So what’s an example of just one set of laws you need to be aware of?
An Example of a Compliance Law
Let’s talk about the US Foreign Corrupt Practices Act (FCPA). The FCPA came into effect in 1977 and is one of the most widely enforced anti-corruption laws. It was the first to introduce responsibility for third parties, corporate liability and extraterritoriality for corruption offenses.
This is especially important for international expansion, as it means individuals and companies can be held both criminally and civilly responsible for corruption offences committed abroad.
It’s an act specifically designed to prevent bribery of government officials. While it’s fairly obvious that preventing corruption is the ethical choice, compliance with the FCPA also represents a geographic advantage.
When you expand into a territory where corruption is either at an extremely low level or even non-existent, it allows you to get by on your business' actual merits. Namely, the quality of your product or service, your efficient business model, marketing efforts and a plethora of other business-critical activities.
To cut a long story short, an area of compliance is a level playing field where what you can bring to the table is what makes you stand out.
The infrastructure guaranteed by FCPA compliance provides a whole host of other benefits. With it, businesses can enjoy a better level of quality control, improved operational control and a better environment of trust felt by all. The FCPA is just one example of the important and beneficial legislation you need to work within. There are many more you'll need to be aware of.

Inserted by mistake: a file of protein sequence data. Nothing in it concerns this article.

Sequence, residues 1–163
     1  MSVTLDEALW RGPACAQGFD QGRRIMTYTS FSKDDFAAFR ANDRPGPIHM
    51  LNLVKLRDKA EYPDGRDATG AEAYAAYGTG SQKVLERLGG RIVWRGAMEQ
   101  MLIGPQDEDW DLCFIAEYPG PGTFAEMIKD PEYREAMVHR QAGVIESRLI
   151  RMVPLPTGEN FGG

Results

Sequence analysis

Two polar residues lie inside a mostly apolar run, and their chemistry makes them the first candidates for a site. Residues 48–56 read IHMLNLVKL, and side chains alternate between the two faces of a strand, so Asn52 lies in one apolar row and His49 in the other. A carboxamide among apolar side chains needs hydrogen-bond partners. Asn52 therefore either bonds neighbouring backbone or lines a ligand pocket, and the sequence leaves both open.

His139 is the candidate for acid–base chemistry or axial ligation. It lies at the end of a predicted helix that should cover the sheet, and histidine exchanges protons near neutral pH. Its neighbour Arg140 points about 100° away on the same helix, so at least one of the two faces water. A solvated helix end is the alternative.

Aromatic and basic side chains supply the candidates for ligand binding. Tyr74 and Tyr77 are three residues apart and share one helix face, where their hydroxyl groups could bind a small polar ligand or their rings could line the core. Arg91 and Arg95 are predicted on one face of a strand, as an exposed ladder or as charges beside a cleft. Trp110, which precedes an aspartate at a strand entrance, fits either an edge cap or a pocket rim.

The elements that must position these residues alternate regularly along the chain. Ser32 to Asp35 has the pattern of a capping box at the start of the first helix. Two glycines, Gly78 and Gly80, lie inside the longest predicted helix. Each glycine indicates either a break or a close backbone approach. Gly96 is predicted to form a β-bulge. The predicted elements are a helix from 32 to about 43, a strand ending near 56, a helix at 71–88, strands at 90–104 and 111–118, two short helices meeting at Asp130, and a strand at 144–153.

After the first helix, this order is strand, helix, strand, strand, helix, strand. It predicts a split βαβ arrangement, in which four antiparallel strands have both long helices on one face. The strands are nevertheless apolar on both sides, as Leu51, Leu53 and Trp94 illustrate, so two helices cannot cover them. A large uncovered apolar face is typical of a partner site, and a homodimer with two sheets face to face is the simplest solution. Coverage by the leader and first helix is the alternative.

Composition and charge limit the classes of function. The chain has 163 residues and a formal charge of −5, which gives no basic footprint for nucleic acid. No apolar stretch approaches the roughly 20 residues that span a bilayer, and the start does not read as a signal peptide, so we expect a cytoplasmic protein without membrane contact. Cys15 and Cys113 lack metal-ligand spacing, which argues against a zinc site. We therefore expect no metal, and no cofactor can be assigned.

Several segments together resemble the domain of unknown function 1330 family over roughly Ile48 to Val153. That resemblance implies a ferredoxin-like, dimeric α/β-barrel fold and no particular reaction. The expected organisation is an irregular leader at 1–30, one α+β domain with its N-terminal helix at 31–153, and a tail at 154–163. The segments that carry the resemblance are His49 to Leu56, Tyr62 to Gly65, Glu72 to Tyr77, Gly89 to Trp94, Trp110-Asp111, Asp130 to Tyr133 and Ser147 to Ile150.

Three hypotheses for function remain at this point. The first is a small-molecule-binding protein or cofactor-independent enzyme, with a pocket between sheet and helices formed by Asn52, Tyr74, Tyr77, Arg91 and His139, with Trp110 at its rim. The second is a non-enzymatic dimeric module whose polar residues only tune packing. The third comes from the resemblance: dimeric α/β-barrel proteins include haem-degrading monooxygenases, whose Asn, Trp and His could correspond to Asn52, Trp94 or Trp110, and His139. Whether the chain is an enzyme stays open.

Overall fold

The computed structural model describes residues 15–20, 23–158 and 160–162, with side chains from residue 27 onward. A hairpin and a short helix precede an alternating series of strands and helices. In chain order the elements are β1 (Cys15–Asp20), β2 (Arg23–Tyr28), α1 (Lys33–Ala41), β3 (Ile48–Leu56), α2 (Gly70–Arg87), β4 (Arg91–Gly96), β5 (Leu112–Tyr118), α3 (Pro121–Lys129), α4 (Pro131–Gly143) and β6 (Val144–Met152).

How to Ensure Successful In-Country Compliance
Initially, ensuring in-country compliance rests on your ability to research the most up-to-date policies and enacting them. However, this can take up a lot of time and resources which you might not have. To save time and money, as well as mitigate any risk, working with an experienced Global PEO is the right way to go.
A Global PEO can help you avoid the non-compliance issues that legislation such as the FCPA might cause. They help set your business up in a new territory and market, all while keeping it fully compliant.
Expansion will always come with risk and many of those are avoidable if you thoroughly research how to remain compliant. For more information on compliance considerations and risk mitigation for your international expansion, take a look at our latest guide - ‘International Expansion Considerations for Rapidly Growing Businesses’.
What to Consider During International Expansion
Our latest resource covers the top-level information, options and possibilities of international expansion. For example, you can find out more information about the different growth options available, the differences between national and international expansion as well as risk mitigation strategies.
The guide also contains an overview of what it’s like to work with a Global PEO and the benefits associated with it. To see for yourself, simply click the link below.